April 29, 2012
"Intruders" tells two parallel stories, the first one takes place in Spain, in which little Juan (Izán Corchero) lives terrified by Hollowface, a mysterious figure that appears in his room. Hollowface doesn't have a face, and by night it enters the apartment where Juan lives in order to steal his face. Juan lives alone with his mother Luisa (Pilar López de Ayala), whom is completely desperate and afraid since she doesn't know how to help her child. Father Antonio (Daniel Brühl),a local priest, gets interested in the case and tries to find out what's trying to posses the kid. Meanwhilem in Lodond, Mia (Ella Purnell) is a 12 years old girl who lives a normal life with her parents John and Susanna Farrow (Clive Owen and Carice van Houten respectively). On her birthday she finds a box with a spell that summons Hollowface, whom will try to steal her face. Both kids will fight their own monster, each in their own way.
The screenplay, by Nicolás Casariego and Jaime Marques tells a story of supernatural horror and fantasy that presents a monster, Hollowface, that recalls the more primal fears. A monster without face, that stands like a Boogeyman stalking in the dark of the room, in the closet, under the bed, among the shadows. The main characters, both children under 12 years old, face different problems but both are psychologically linked to the fear this monster represents. Juan lives alone with his mother, and knows too well the abandonment and loneliness, while at the same time is owner of a great imagination. Mia lives happily with her parents, but she's facing adolescence, finding herself in a point in which she wants desperately to grow up, but this desire affects her close bonding with her father, who still sees her as a child. Both stories are linked with a risky but functional twist, making it an interesting plot, though not without its fair share of problems.
In "Intruders", Fresnadillo shows a solid work of direction, with a well defined visual style and an appropriate handling of suspense, resulting in several sequences of great quality. With the aid of cinematographer Enrique Chediak, Fresnadillo creates a different atmosphere for each story: a cold and desolate one for Juan, and a warm though no less creepy for Mia. Chediak's work is remarkable, and he adapts it to that quite Spanish style of atmospheric horror dramas (in the style of "El Orfanato" of Balaguero's cinema), though of course, with Frasnadillo's personal trademarks, which involve a heavy use of steady came that brings an interesting dynamic, in spire of being at times a bit annoying. Perhaps the greatest virtue of "Intruders" is its total lack of pretensions, as director Juan Carlos Fresnadillo makes a story of fantastic horror that moves way from modern visceral shock and gets closer to the atmosphere of a scary tale for before sleeping.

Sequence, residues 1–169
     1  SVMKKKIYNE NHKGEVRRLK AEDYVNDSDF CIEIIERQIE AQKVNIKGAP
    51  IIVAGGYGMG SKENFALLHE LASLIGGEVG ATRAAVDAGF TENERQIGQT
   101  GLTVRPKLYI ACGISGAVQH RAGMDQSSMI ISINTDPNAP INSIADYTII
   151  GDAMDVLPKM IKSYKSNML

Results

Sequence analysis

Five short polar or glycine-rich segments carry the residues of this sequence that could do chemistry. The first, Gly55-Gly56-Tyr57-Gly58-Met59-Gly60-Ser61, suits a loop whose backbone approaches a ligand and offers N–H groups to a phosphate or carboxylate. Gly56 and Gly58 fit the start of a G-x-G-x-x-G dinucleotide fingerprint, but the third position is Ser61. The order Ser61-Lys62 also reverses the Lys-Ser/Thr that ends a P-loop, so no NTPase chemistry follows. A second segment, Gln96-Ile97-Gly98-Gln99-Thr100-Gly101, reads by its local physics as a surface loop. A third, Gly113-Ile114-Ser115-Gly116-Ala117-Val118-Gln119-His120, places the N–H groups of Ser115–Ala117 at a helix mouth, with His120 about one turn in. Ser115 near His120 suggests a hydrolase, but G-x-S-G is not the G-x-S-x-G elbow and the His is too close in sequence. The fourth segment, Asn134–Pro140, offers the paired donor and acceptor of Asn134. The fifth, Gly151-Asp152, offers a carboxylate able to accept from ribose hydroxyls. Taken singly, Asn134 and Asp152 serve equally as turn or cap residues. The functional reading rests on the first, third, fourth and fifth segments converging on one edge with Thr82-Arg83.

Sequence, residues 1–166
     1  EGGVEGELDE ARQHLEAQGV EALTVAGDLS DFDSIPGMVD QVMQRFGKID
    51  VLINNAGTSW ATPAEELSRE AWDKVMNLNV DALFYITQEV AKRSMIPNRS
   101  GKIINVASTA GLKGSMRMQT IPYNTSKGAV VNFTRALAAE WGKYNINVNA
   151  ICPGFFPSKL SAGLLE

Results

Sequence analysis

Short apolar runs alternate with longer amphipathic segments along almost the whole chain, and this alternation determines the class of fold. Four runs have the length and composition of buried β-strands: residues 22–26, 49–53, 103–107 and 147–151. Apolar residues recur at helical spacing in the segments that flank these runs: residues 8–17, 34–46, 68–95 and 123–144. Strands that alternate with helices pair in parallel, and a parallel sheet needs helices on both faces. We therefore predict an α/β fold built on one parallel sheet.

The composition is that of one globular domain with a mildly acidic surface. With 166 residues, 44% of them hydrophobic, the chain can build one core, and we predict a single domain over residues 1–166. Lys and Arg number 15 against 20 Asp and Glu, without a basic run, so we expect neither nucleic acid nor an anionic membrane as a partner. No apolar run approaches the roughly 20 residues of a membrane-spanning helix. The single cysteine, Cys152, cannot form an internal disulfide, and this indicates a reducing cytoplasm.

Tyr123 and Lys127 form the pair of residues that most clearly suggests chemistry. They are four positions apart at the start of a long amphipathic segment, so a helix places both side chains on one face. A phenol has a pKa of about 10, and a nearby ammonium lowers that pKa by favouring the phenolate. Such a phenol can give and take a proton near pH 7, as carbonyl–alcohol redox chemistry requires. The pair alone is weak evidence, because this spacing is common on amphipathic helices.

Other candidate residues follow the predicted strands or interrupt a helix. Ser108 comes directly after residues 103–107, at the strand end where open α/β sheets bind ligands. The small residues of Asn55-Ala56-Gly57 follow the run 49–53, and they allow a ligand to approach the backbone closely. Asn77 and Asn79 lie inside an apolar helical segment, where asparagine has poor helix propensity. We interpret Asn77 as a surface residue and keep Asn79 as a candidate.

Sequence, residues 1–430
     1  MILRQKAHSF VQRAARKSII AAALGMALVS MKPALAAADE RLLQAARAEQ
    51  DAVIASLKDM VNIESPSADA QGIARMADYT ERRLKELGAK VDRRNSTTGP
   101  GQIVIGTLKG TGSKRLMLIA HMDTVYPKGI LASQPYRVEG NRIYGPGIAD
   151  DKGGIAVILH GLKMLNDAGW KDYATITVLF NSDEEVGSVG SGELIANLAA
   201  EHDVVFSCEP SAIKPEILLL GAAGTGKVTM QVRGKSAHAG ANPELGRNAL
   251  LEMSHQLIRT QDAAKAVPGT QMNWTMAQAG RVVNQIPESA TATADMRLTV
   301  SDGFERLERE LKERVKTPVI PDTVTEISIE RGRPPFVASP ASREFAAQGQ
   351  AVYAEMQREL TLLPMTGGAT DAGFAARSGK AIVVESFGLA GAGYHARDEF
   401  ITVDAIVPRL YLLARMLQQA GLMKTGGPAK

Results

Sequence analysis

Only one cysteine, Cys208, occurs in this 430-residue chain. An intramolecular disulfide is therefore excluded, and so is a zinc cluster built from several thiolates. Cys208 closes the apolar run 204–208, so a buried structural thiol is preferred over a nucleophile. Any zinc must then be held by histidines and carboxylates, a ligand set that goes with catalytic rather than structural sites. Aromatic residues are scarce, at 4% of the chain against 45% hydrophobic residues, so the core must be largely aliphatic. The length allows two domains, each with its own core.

The acting is perhaps the strongest point in "Intruders" starting with the young Ella Purnell, whom as Mia, delivers a remarkable work as a teenager, not exactly a girl anymore, but still not a woman, but whom is troubled as she faces a fear that could be considered childish: fear of the dark. Purnell acts with great naturalness, making a powerful performance that easily steals the film. While definitely not on the same level, the work of young Izán Corchero is also of great quality, though it's worth to point out that in his tale the dramatic weight is on Pilar López de Ayala, who plays his mother. Pilar López gives a solid work, making a restrained, though realist portrait of her paranoid character. On the British side, Clive Owen is effective in his role of overprotective father, though at times Carice van Houten (as Mia's distant mother) is the one who makes a more interesting performance.
While acting is very good, "Intruders" has a somewhat uneven character development, as if suffers from having a quite interesting premise that has not been developed. Certainly, writers Casariego and Marques have developed a fascinating story prone to multiple readings. However, the way the plot has been built is deficient, leaving multiple loose ends forgotten by the time the movie finishes. Just to mention the most obvious one, while the subplot of Father Antonio opens several interesting options, the whole affair is simply left aside without even trying a greater development for the character, leaving him as a mere footnote in the main storyline. The same happens with the trauma that John Farrow experiences at his job, and some other plot holes as well, resulting in a movie that at times feels incomplete. While "Intruders" shows a great quality in its execution, details like those prevent the satisfaction from solving mystery to be complete.
Despite those details, "Intruders" manages to be an entertaining fable of horror in a tone reminiscent to films like Guillermo Del Toro's "El Espinazo del Diablo". Closer to psychological horror to the more visceral one, "Intruders" offers an interesting spin to the fear of the dark. In fact, given the thematics it explores regarding childhood fears, it's odd that the film got an "R" rating in the United States, probably due to the innocent nude scene of Carice Van Houten (in United Kingdom for example, this only meant a more appropriate "15" rating). Anyways, perhaps "Intruders" is a minor work in Fresnadillo's career, but it's at least entertaining.
This review was originally published in Spanish for Habitación 101 in April the 19th of 2012. Habitación 101 is a great site to check for news and reviews on cinema and theatre in Spanish.